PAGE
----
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Economic crisis in Argentina and its consequences for agriculture



Aleksandr Vonsovych



In view of the upcoming presidential elections and economic crisis, Argentina is in a rather difficult political and economic situation that may have an adverse impact on both domestic and export sales.

Problem review:

  • Argentina is the top exporter of soybean oil and meal in the world, accounting for roughly half their global exports. The country is one of the world’s largest wheat, corn, barley and sorghum exporters. Argentina is also a major exporter of meat (mostly beef).
  • In view of the present status of relations with the U.S., China is reducing purchases of American soybeans and therefore cannot rely solely on Brazil in meeting its needs for this commodity. In such a situation, Argentina may get a chance to boost supplies of soybeans and soybean products to the Chinese market.

Concerns are mounting now that incumbent president Mauricio Macri may lose the October elections to Alberto Fernández, who adheres to the principles of protectionist policy.

  • If a protectionist government comes to power, its efforts would be aimed at protecting the domestic market. This may have an adverse impact on agricultural exports.
  • The trade in credit default swaps indicates a 75 percent probability that Argentina will suspend debt repayments in the coming five years.

In the opinion of UkrAgroConsult, the following consequences for Argentina are possible:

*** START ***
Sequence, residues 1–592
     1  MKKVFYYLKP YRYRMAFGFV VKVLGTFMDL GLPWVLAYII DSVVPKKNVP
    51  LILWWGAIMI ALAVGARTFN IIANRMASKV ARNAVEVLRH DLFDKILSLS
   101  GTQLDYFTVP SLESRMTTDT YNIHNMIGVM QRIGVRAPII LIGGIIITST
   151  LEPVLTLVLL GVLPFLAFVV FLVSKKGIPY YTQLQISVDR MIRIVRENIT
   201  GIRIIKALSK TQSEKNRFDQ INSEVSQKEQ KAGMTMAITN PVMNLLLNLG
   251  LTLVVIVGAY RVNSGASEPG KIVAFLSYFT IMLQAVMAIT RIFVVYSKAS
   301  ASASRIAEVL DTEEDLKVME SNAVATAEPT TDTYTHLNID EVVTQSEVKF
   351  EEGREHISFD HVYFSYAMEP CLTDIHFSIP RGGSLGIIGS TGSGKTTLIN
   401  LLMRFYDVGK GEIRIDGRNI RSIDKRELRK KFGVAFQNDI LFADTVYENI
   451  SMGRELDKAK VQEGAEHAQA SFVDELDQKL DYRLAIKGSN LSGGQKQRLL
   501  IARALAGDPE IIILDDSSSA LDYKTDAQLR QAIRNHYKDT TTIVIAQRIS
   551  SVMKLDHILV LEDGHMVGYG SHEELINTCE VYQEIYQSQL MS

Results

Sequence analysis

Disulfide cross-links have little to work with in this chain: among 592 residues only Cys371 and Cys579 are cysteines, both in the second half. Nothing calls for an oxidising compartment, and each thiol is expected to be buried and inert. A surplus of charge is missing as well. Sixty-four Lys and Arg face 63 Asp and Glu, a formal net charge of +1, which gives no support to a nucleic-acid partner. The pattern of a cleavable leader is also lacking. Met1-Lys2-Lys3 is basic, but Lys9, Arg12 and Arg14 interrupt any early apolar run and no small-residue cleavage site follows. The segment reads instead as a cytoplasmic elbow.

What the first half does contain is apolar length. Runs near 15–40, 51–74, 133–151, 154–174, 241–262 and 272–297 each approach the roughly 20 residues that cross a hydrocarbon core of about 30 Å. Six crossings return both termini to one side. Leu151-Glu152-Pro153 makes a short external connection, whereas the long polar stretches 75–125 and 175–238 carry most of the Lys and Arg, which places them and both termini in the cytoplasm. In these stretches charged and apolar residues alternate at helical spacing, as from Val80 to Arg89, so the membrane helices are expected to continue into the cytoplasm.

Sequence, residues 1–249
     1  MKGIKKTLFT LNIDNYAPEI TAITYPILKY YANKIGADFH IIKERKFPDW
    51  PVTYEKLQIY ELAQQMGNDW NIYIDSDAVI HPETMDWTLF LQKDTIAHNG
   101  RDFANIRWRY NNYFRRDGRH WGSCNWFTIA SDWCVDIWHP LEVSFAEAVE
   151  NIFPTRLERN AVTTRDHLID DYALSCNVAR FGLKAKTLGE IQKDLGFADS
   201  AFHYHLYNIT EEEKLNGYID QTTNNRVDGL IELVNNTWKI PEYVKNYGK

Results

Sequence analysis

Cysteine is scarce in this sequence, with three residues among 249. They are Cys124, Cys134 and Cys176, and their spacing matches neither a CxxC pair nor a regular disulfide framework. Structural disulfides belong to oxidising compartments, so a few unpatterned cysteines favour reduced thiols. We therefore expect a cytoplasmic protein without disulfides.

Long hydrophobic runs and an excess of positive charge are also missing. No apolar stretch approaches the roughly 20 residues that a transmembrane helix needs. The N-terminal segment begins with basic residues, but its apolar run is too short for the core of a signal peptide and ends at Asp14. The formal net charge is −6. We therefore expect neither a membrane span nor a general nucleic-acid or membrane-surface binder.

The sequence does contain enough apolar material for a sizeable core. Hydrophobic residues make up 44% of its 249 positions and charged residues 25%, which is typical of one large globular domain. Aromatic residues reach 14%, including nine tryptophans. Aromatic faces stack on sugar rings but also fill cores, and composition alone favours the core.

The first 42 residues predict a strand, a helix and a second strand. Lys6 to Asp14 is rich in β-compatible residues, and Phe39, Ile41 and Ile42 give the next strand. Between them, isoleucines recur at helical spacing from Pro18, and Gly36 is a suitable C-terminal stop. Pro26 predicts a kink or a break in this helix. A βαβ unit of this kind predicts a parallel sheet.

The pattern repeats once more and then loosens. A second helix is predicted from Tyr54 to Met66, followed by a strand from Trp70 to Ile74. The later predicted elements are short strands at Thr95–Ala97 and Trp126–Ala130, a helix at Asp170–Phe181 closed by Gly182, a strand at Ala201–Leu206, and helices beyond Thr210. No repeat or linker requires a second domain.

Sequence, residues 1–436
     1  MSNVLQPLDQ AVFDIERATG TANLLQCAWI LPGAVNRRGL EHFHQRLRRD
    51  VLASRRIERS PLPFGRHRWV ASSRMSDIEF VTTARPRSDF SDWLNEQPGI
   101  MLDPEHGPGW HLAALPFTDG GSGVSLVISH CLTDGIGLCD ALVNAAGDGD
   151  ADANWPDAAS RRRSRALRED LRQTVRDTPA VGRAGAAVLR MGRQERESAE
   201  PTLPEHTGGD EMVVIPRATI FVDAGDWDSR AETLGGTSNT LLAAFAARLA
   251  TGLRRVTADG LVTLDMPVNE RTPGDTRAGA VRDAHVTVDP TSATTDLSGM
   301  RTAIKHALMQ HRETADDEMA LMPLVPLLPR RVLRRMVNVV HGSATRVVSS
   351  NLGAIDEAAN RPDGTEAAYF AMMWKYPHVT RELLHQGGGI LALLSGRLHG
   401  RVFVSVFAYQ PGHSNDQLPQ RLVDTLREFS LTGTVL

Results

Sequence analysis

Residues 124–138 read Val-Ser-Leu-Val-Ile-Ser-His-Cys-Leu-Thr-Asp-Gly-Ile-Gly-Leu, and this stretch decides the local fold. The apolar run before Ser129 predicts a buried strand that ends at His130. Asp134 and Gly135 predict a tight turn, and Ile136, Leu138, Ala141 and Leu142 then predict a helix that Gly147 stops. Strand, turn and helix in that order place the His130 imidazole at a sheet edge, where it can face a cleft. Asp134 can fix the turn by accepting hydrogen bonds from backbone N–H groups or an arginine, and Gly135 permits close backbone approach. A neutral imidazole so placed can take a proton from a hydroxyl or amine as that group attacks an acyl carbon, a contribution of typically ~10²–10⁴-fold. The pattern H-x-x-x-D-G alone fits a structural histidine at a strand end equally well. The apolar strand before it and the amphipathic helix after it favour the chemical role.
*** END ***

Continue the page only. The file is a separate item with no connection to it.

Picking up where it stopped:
In the economic domain:

  • It is important to avoid the recurrence of developments seen in the past. Prior to Macri's presidency, the country had been blocked from financial markets for one and a half decades following the 2001 bond default worth some USD 95 Bl. During the presidency of Cristina Fernández de Kirchner (2007-2016), the Central Bank of Argentina sold US dollars at an understated price at her direction, thereby badly hurting the country's financial sector.
  • The financial crisis raised the cost of hedging Argentina's sovereign debt to a long-term high in mid-August 2019.
  • As anti-crisis financial and monetary measures were taken too late, the national currency fell by 30% to a record low of 59 peso per US dollar and the Merval stock index dropped considerably.
  • Due to destabilization of stock markets, public dollar bonds have lost on average 25%, while the yield of short-term bonds has increased to 35%.

In the agricultural domain:

  • If Alberto Fernández wins the elections, the agricultural sector may switch from the foreign market to the domestic one in order to better meet national demand.
  • If the presidential elections turn Argentina's political course towards protectionism, the volume of soybean exports may be revised downwardly and the nation’s position in regional (including the Chinese one) and global markets may weaken.

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